Maintenance Pembrolizumab After First-Line Chemotherapy Improves Survival in Urothelial Cancer

Platinum-based chemotherapy for first-line treatment of metastatic urothelial cancer is typically administered for a fixed duration followed by observation. Previous research indicates that pembrolizumab improves survival of metastatic urothelial cancer that has progressed following platinum-based chemotherapy. Researchers assessed the potential benefit of earlier pembrolizumab using a “switch maintenance” approach and found that this may “deepen responses achieved with first-line chemotherapy.” The results of the multi-institutional, randomized, placebo-controlled, double-blind, phase II study were presented at the 2019 ASCO Annual Meeting.

Researchers enrolled patients with metastatic urothelial cancer who achieved at least stable disease (SD) after up to eight cycles of first-line platinum-based chemotherapy. Between December 2015 and November 2018, 107 patients were randomized 1:1 to receive pembrolizumab 200 mg intravenously every three weeks (n=55; median age = 68 years; range = 41-83 years) or placebo (n=52; median age = 65 years; range = 44-87 years) for up to 24 months. Patients receiving placebo could cross over to receive pembrolizumab. Patients were stratified based on pre-chemotherapy visceral metastases (yes vs. no) and response to first-line chemotherapy (complete response (CR)/partial response (PR) vs. SD).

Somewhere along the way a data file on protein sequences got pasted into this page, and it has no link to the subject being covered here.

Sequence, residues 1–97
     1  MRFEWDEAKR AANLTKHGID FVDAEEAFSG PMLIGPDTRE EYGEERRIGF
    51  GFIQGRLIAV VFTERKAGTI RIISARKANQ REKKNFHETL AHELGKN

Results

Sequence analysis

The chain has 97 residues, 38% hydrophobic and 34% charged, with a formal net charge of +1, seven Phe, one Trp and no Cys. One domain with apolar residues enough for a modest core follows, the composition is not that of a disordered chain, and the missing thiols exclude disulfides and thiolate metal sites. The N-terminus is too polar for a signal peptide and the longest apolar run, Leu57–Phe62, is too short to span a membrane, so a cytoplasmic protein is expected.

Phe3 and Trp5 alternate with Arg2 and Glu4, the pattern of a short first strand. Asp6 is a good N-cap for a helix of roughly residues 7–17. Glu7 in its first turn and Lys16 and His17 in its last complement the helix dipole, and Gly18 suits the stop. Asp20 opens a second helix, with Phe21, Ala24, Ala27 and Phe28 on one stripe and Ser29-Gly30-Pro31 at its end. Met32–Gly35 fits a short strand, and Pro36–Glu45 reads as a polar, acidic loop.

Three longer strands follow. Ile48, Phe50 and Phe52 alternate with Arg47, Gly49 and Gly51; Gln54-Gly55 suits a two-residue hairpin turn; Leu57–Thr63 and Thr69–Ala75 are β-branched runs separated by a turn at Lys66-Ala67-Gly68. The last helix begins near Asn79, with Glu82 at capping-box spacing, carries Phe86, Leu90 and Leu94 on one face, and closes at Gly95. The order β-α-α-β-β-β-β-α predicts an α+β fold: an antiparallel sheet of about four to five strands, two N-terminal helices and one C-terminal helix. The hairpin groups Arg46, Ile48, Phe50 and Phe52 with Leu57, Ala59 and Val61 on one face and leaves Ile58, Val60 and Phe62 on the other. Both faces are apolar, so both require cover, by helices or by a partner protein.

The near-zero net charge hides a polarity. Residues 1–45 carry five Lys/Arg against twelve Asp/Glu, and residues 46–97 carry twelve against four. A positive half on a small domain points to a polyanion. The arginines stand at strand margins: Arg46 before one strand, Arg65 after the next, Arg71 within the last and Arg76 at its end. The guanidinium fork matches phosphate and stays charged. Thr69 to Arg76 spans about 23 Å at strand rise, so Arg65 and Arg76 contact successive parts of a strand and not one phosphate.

Most patients in both cohorts received cisplatin-based first-line chemotherapy: 39 patients (71%) in the pembrolizumab cohort and 41 (79%) in the placebo cohort. Most patients in both groups achieved a CR or PR to previous first-line therapy: 40 patients (73%) in the pembrolizumab group and 36 (69%) in the placebo group.

Patients received a median of six cycles of placebo and eight cycles of pembrolizumab. When researchers excluded patients with a CR at baseline, the objective response rate was 12% (n=5/42) with placebo and 22% (n=10/46) with pembrolizumab.

Grade 3/4 treatment-related adverse events occurred in 48% of patients receiving placebo and 56% of patients receiving pembrolizumab. At a median follow-up of 14.7 months, 41 patients died and 26 patients in the placebo cohort crossed over to receive pembrolizumab.

Progression-free survival (PFS; primary endpoint) was significantly longer in patients receiving pembrolizumab versus placebo (P=0.038). The 18-month restricted mean PFS was 5.6 months with placebo and 8.2 months with pembrolizumab (P=0.023).

Reference

Galsky MD, Pal SK, Mortazavi A, et al. Randomized double-blind phase II study of maintenance pembrolizumab versus placebo after first-line chemotherapy in patients (pts) with metastatic urothelial cancer (mUC): HCRN GU14-182. Abstract #4504. Presented at the 2019 ASCO Annual Meeting, Chicago, IL, June 3, 2019.